The Religion Clauses as Mutually Reinforcing Mandates: Why the Arguments for Rigorously Enforcing the Free Exercise Clause and Establishment Clause are Stronger When Both Clauses are Taken Seriously
31 Pages Posted: 26 Apr 2011
Date Written: April 25, 2011
Legal commentary often describes the Free Exercise Clause and Establishment Clause of the First Amendment as either being in tension with each other or as serving overlapping and redundant purposes. Both of these perspectives commonly share a willingness to dispense with or subordinate the requirements of one clause while calling for the rigorous implementation of the other. This Essay suggests a different and overlooked dimension of the relationship between the two clauses: in important ways each of the religion clauses supports and reinforces the justification for and rigorous enforcement of the other. Correspondingly, the dilution of one clause undermines the arguments for taking the other clause seriously. To some significant extent, the religion clauses stand or fall together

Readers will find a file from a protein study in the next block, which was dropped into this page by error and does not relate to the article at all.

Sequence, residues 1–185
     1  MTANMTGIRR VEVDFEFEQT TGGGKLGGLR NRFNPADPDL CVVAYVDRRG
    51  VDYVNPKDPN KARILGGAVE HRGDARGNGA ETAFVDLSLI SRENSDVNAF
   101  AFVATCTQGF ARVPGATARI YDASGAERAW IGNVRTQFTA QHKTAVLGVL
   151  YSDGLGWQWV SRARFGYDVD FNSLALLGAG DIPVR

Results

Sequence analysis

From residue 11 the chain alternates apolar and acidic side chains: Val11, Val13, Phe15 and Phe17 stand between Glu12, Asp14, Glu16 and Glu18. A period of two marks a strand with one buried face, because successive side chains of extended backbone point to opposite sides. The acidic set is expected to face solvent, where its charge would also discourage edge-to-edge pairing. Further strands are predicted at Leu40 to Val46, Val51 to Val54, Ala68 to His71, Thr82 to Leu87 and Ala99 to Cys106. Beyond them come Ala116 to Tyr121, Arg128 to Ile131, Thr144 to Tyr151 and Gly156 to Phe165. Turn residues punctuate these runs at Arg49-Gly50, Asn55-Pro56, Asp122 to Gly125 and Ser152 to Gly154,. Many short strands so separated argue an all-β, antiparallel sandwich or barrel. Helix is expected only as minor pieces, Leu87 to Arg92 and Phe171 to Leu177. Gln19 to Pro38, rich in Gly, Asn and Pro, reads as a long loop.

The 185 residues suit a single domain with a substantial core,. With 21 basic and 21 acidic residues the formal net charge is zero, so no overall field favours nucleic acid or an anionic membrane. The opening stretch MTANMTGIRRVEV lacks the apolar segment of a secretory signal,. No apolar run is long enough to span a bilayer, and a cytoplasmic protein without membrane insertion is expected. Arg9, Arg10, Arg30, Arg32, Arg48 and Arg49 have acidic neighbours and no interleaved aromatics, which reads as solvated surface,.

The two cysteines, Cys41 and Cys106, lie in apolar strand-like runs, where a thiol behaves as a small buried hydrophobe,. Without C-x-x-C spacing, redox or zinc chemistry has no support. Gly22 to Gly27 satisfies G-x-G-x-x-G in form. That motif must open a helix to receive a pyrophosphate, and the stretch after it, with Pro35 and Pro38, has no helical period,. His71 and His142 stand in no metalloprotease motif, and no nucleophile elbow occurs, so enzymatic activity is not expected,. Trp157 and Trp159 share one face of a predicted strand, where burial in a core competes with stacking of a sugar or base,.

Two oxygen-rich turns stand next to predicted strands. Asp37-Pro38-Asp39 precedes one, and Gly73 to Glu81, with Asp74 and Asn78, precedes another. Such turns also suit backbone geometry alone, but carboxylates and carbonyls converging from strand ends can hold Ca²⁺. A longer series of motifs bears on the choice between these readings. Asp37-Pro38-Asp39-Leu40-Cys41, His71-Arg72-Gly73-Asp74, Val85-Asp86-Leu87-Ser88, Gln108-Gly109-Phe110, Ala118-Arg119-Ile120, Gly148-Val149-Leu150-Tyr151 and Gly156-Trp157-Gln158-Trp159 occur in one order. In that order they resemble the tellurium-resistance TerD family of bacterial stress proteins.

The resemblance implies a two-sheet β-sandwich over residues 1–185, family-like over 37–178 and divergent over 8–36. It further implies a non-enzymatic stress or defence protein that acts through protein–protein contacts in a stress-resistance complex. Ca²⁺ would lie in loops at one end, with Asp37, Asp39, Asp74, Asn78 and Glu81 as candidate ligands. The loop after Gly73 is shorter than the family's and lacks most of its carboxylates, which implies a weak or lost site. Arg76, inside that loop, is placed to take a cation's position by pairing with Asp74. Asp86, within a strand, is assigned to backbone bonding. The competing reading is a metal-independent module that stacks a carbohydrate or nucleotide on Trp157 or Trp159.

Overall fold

These reinforcement and dilution connections cover a range of justifications for, and applications of, the two clauses. Establishment Clause constraints on state subsidies of religious institutions and activities support the value formation justification for protecting free exercise rights. The holding of Employment Division v. Smith, eliminating constitutional protection against neutral laws of general applicability, undermines the taxpayer liberty justification for limiting state aid to religious institutions. Free exercise exemptions and accommodations standing alone unacceptably advantage religion in the market place of ideas, and establishment clause limits on government support for religious organizations and beliefs standing alone unacceptably disadvantage religion in the market place of ideas. The rigorous enforcement of each clause (or neither clause) is necessary to balance out these distorting impacts. This essay identifies and discusses these and other ways in which the arguments supporting or undermining each of the religion clauses reinforces or weakens the other.
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